It must be stressed, this is not an attack on the mainstream media. Simply, the chronic doomsday narrative needs to change. Indeed, a drastic re-think of North Korean policy is heavily dependent on the world media. They will be vital in instigating a monumental shift in the discussion surrounding North Korea. The media can start by changing the discourse on North Korea from evil to emerging. This subtle change would send a powerful message to North Koreans about how the world sees them; that the international community is not them.
The people need to know the world is working towards the betterment of their country. After discarding the doom-and-gloom reportage, the debate should be centred around the positives of North Korea. What can the DPRK offer the world in trade, goods, services, skills, education, investments, philosophies and ideas? Along the same vein, what can the rest of the world offer them? What can be done to form a mutually beneficial relationship moving forward? This would foster an atmosphere of integration, rather than isolation. Importantly, the latter plays into Kim’s hands, giving him metaphorical ammunition to continue his weapons programme.
New media must refocus its content: more on the citizens, less on the leadership. With such a change in the discourse, the media can instil hope in North Koreans for a better future. The importance of the people in that country knowing that the world stands with them cannot be stressed enough. That is far more powerful than any diplomatic pressure or military threat raised against Pyongyang.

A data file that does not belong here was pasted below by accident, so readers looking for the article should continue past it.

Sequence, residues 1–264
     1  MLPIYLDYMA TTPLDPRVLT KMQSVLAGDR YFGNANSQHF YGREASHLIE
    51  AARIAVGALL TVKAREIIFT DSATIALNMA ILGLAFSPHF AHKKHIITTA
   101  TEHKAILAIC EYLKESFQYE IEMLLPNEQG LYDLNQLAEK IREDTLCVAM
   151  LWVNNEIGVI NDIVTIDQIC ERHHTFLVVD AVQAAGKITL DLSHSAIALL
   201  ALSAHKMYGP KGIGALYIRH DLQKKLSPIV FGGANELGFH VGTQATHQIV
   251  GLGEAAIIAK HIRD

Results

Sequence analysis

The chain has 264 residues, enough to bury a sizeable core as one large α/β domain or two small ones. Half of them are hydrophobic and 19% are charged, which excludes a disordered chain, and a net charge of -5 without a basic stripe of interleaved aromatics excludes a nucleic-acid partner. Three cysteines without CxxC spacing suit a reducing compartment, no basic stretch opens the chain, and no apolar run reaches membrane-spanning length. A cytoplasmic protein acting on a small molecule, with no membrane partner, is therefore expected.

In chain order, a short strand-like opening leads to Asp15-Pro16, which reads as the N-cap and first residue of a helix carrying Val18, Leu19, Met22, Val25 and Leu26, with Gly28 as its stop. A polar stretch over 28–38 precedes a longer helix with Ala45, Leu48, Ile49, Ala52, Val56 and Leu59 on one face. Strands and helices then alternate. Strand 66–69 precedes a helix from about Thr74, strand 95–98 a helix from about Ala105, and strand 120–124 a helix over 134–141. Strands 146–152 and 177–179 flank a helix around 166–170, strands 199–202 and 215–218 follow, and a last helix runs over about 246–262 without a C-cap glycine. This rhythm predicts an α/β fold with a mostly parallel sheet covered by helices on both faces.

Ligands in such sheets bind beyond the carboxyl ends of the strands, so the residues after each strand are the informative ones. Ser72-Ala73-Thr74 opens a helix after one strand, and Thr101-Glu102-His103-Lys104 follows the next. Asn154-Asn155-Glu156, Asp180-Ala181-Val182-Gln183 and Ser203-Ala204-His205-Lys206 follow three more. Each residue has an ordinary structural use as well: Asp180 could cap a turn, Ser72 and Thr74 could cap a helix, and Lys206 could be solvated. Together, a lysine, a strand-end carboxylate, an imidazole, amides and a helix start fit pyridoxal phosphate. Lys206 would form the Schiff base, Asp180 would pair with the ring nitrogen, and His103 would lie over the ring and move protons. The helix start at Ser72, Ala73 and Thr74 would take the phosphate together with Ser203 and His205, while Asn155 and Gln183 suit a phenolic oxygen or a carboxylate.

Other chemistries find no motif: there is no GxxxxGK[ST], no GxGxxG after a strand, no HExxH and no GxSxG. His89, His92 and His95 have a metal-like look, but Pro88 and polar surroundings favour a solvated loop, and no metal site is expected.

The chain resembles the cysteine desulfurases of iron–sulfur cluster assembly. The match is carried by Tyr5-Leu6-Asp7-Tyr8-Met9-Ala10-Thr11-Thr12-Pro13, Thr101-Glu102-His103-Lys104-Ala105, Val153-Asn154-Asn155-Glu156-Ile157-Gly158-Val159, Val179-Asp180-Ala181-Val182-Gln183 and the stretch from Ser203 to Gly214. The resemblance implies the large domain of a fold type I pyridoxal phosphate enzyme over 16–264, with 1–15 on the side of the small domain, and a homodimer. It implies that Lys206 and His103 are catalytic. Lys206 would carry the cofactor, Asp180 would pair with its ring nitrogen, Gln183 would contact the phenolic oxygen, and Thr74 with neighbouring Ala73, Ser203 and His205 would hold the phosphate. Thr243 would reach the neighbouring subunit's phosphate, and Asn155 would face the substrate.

Imagine for a moment that North Korea developed cutting-edge nuclear weapons and had the most warheads in the world. The North Korean people would derive little to no benefit from it. Kim would argue the weapons programme is critical to defending North Korea from enemy aggression. In reality, no nation wants to attack the DPRK, least of all the United States of America. The DPRK is not known to be rich in many resources nor is it strategically important to the US. Admittedly, tensions in the Pacific Rim play to America’s benefit. That being said, starting a war in the Korean Peninsula would be extremely calamitous for all sides.
However, state-controlled media in the DPRK inundates the people with apparent aggression from America. This biased reportage poisons the minds of media consumers, who increasingly see the US (and most of the world) as enemies. Kim can thus justify his nuclear ambitions.
Under Option Four, as North Koreans venture out of their native land and consume new media, they will see there is no international conspiracy against them. The populace will then inevitably start to question why valuable capital is being expended on WMDs for the destruction of foreigners when their own people are struggling for necessities.